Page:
Of the 100-plus master limited partnerships on the market in 2013, only 18 of them posted negative returns on the year. The five MLPs we are looking at today were at the bottom of that relatively small pile, duking it out for the title of the Year's Worst Performer.

RNF Total Return Price Chart

RNF Total Return Price data by YCharts

Three of the five worst-performing MLPs of 2013 are variable rate MLPs victimized by the volatility of the nitrogen-fertilizer market. Terra Nitrogen (NYSE:TNH), CVR Partners (NYSE:UAN), and Rentech Nitrogen Partners (NYSE:RNF) are down more than 29%, 32%, and 50%, respectively, this year.

Some investors view the slump as an opportunity to buy, citing a perfect storm of higher natural-gas prices and lower sales volumes due to planned turnarounds as the reason for the industry's pain. Though CVR Partners and Rentech Nitrogen are relatively new to the Street, Terra Nitrogen units do have a long history that trends upward. That might be enough to reassure investors after a lousy year, but of course past results are not indicative of future returns.

Eagle Rock Energy Partners (NASDAQ:EROC) had a terrible year, but the partnership significantly brightened its future outlook in the waning days of 2013 when it announced it would sell the midstream portion of its business to Regency Energy Partners for around $1.3 billion.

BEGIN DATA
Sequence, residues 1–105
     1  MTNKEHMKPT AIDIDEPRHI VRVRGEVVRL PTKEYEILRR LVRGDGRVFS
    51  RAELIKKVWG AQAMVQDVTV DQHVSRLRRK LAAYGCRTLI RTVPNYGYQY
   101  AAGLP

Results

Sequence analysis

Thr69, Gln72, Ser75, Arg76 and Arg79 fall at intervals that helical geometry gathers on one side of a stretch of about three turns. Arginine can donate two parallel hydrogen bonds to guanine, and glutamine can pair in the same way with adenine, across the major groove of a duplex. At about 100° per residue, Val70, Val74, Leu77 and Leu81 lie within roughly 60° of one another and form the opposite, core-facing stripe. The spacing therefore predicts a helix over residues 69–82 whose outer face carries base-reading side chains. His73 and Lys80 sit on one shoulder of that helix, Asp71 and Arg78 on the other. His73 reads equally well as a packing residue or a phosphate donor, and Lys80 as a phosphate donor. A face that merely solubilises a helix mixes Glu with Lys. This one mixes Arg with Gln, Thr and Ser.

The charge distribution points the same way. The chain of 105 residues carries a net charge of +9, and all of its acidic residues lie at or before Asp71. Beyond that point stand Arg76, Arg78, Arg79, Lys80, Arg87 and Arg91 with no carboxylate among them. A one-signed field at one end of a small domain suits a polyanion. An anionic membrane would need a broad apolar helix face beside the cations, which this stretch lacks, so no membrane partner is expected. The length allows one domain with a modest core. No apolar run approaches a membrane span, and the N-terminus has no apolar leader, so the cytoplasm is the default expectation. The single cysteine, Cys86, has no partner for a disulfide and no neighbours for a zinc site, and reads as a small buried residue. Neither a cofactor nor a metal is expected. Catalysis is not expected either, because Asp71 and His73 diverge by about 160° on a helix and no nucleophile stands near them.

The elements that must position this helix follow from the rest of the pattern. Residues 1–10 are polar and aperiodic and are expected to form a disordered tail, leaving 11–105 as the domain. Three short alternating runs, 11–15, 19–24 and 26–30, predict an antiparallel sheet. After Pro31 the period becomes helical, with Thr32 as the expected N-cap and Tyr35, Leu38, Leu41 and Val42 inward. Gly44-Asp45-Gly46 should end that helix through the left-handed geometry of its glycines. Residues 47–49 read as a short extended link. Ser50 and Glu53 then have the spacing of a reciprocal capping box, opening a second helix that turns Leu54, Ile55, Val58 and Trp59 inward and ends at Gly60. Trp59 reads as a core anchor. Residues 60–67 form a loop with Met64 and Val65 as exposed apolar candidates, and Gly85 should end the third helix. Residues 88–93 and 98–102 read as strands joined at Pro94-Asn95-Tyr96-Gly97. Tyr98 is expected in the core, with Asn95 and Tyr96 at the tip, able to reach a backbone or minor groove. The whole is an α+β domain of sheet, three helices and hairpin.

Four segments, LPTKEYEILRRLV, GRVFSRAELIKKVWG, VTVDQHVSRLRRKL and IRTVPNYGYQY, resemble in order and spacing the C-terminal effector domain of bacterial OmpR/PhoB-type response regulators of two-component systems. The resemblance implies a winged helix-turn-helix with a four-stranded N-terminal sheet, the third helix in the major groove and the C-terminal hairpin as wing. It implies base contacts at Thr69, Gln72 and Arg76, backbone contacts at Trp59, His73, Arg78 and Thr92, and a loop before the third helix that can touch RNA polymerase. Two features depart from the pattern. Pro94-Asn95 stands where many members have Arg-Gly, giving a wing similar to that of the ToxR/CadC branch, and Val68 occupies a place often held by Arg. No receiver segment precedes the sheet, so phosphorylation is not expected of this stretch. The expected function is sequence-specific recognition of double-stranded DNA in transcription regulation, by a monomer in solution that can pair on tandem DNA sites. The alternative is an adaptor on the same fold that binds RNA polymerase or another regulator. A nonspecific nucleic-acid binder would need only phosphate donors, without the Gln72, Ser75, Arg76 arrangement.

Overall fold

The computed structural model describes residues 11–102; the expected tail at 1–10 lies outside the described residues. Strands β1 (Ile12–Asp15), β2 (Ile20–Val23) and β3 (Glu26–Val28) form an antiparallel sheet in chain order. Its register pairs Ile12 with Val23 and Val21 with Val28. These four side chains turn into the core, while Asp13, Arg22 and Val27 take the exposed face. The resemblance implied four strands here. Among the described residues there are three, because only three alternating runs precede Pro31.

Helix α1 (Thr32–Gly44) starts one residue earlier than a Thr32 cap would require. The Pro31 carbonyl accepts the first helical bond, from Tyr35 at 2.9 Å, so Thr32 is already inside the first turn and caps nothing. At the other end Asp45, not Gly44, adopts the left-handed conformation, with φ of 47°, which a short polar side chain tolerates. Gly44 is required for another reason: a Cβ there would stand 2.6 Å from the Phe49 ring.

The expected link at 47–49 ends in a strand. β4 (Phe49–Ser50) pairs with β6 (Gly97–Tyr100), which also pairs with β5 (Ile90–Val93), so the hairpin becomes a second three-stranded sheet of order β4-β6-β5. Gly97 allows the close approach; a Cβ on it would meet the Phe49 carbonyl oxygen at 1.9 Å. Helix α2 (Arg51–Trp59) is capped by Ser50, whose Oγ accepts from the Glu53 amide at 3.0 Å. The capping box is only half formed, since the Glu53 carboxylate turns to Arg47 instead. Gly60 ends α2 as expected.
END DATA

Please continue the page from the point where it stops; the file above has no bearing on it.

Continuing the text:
The deal does not guarantee future success for Eagle Rock, but it does lighten its debt load and puts it in a better position to thrive than it was a month ago. Eagle Rock units had fallen as much as 40% this year on weak results and a third-quarter-distribution cut. The partnership will likely close out 2013 down around 25%.

EV Energy Partners (NASDAQ:EVEP) is a high-yielding upstream MLP with the majority of its assets in the Appalachian Basin as well as Texas and Oklahoma. In fact, 70% of the partnership's reserves are located in the Barnett Shale in Texas and the Utica Shale in Appalachia. Units of EVEP have declined since January, popping momentarily in August before falling again, settling in for a year-to-date loss of 36%.

Bottom line
A bad year for any given MLP can create a buying opportunity, but it can also be the beginning of a terrible pattern. Ultimately, investors must take a look at what is punishing a particular stock. Is it ineptitude at the management level, or outside market forces that are driving your stock down? There are more MLPs on the market than ever before, but they are not all created equal. Investors must choose wisely.

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Fool contributor Aimee Duffy has no position in any stocks mentioned. The Motley Fool has no position in any of the stocks mentioned. Try any of our Foolish newsletter services free for 30 days. We Fools may not all hold the same opinions, but we all believe that considering a diverse range of insights makes us better investors. The Motley Fool has a disclosure policy.